I use email to ask my students to print out short stories or worksheets; I could probably print these out through the school resources, but sometimes I'm too lazy to fill out 'copy request' forms. Nothing good has ever come out of social media connections between teachers and students, and that includes both Facebook and all chat apps (i.e., Line, skype). I'll also state that nothing good comes out of social media connections between Thai admin and foreign teachers, but that's another topic I suppose. One more thing ... students gossiping about a teacher on social media can destroy a teacher's reputation at a school, so why open yourself up to this possibility by having chat groups with your students?

By Guy, bkk (22nd March 2016)


Fair comments, and I can see where you're coming from. That said, all of your experiences have been with those teachers that make the rest of us ashamed of our profession. I'll also reiterate that I never initiate conversations one-on-one with students; why would I?

It's truly unfortunate that, in today's media-centric world, we automatically assume the worst of people in any profession. Sadly, I don't see that perception ever changing either, but for my part, I'll strive to represent my profession as it is intended: educators that care about their students.

By Sam, Chatuchak, Bangkok (18th March 2016)


How you perceive your social interactions with your students outside the classroom (or the school's electronic communication system) might be different than how parents or others perceive these interactions.

"I almost exclusively" I noticed there was an "almost" added here, indicating you do at times communicate with students individually through social media.

It is up to you whether to continue or not, but my advice to all teachers is to limit social contacts with students outside of official activities.

As previously noted, I know personally of at least one teacher who was fired for allegedly posting inappropriate remarks to students on social media (which he denies) and through the grapevine I have heard of a few other cases or teachers losing their jobs due to their (mis)use of social media.

That's my perspective as an educator.

From my perspective as a parent, I would not have approved of a male teacher having social conversations, whether online or in person, with my daughter outside of the school setting when she was young. The male teacher's claim the interactions were completely innocent would not have been comforting.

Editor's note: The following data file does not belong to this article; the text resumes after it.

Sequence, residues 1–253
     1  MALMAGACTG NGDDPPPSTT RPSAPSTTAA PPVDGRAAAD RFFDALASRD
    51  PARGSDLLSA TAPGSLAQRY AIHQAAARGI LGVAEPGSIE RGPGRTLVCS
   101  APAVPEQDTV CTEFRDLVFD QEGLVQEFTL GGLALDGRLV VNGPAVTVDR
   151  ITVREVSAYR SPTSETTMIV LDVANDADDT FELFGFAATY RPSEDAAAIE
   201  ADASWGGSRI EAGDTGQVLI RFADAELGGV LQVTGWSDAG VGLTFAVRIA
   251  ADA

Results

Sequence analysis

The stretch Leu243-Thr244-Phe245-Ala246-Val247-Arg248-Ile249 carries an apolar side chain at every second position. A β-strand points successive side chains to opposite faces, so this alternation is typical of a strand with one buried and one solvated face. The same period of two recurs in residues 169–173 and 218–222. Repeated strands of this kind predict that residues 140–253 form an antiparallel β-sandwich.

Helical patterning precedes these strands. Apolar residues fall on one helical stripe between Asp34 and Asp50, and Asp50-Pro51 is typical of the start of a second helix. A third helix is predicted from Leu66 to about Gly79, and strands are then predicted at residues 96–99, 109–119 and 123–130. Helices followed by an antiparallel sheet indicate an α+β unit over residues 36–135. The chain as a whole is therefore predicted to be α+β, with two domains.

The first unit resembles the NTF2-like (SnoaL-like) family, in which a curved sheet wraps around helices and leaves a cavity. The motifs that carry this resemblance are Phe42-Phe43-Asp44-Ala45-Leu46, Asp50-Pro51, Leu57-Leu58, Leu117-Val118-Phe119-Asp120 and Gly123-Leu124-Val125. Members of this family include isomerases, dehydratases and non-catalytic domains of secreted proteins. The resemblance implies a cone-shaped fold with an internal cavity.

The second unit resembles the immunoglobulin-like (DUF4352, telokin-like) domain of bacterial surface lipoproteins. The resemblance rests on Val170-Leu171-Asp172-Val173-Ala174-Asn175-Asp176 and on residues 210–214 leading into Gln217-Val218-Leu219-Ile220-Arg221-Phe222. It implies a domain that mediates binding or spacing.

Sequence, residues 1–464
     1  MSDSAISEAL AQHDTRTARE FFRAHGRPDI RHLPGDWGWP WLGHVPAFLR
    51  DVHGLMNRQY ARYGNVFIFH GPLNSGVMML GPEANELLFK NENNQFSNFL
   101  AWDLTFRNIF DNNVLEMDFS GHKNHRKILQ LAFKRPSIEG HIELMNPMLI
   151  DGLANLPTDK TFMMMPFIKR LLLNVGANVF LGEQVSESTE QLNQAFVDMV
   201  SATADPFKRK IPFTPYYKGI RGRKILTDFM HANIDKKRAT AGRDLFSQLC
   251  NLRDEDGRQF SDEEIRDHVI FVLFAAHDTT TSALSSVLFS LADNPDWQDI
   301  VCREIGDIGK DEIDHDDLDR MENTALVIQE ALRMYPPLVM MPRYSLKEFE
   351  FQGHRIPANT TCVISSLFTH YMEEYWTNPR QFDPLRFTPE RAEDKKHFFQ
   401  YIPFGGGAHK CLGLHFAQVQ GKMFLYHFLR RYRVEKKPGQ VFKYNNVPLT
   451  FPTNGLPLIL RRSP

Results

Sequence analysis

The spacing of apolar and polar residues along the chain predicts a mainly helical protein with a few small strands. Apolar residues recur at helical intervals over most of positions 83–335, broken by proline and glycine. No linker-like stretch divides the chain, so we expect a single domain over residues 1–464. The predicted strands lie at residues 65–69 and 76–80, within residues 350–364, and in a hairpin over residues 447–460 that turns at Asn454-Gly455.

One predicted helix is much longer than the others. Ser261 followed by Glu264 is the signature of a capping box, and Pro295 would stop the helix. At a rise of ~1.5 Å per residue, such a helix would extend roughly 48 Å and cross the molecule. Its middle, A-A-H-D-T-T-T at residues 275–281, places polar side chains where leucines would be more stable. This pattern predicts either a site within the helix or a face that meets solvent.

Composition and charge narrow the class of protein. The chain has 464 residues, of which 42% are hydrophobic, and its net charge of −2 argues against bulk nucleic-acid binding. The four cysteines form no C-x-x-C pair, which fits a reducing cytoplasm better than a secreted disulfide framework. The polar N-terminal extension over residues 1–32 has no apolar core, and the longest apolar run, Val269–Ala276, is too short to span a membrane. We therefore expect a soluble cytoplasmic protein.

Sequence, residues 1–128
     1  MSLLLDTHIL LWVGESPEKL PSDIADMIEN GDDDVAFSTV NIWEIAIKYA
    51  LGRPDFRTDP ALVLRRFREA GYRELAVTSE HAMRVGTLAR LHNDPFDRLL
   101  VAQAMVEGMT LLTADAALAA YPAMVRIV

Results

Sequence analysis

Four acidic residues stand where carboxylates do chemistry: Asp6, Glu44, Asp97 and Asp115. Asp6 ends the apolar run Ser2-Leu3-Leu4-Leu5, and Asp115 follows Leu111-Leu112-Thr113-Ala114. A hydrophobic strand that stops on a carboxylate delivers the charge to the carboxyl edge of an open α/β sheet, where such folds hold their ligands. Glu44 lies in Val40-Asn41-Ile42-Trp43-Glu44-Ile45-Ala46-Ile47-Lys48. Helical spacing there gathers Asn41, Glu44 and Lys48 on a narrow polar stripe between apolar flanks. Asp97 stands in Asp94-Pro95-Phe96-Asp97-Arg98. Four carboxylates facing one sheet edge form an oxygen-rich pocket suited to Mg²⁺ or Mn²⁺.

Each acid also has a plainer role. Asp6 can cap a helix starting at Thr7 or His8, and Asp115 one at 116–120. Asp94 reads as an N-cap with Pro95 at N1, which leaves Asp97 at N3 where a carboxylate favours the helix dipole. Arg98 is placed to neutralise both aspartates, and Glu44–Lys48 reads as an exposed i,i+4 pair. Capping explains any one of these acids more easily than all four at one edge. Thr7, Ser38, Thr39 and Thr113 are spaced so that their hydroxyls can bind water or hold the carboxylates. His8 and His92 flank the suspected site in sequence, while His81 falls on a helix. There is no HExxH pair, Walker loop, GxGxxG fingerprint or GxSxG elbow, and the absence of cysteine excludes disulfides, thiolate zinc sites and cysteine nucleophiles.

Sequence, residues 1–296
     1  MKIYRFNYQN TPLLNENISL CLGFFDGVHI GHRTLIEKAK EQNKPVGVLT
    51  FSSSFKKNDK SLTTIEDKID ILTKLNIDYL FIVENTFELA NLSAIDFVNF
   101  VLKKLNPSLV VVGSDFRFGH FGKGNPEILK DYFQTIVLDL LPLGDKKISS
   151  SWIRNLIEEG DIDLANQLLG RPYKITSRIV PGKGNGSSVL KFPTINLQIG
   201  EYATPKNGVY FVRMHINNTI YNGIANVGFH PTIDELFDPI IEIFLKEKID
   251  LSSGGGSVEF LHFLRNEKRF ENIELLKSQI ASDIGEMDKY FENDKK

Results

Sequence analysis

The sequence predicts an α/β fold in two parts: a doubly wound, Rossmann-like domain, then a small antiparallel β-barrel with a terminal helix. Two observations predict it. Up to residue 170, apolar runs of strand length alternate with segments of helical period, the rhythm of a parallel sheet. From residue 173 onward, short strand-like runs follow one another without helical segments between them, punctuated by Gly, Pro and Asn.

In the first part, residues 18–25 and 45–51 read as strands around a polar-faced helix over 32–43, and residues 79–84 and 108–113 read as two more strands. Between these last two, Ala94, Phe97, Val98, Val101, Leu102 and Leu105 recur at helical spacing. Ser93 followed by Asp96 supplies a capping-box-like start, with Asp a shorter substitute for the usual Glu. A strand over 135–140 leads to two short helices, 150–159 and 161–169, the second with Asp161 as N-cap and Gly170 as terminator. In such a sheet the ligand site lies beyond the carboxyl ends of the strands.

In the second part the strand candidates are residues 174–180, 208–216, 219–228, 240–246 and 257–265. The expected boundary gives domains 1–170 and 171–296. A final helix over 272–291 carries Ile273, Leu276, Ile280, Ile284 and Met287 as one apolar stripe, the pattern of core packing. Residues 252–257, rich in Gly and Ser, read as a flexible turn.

The students know the deadlines for assignment, and probably really don't need these reminders from their teacher/friend. Are these real reminders, or just excuses to contact students socially?

I think you are playing a dangerous game, and question whether the imagined benefits are worth the real risk.

There is nothing wrong with using electronic communication to contact students (I make extensive use of electronic communications), but I am not convinced "social media" is the most appropriate tool to use when communicating with children or others in a professional capacity.

By Jack, In a chair in from of my computer (17th March 2016)

Great comments, gents. I can totally see where you're coming from, too; it can be a risky game if you take it too far. However, I must stress that I almost exclusively contact students through Line groups, not individually, and then only to post reminders and... well, mainly reminders. It could be said I'm a bit anal retentive about due dates. ;)

That said, I must also reiterate that I don't think this kind of communication would work in a Thai school for various reasons. At my mid sized international school, though, it is common practice for teachers to have such groups (many use Facebook, but that's a bit too much for me). The HS teachers even have a group. So while I can see the standpoint that I'm trying to "be friends" with the students, it's really not the case... it's a logistical benefit more than anything else.

I won't say I don't have students contact me individually, but that is the very small minority, and of those, 99% of the conversations are assignment related. It would never cross my students' minds (nor mine) to discuss something off topic, and again, I think that's probably the benefit of being in the setting I'm in; it's really the most family-style school environment I've worked in. The only non-academic conversations I've had (or would have) is with students already struggling with personal issues with their classmates; some just need a second opinion from a mentor, but anything serious gets referred to our counseling department.

While I find it hard to believe, to me it's unprofessional and sad that some teachers would borrow money from students, or really socialize in any way (hello Facebook); I agree with you all, that's just asking for trouble.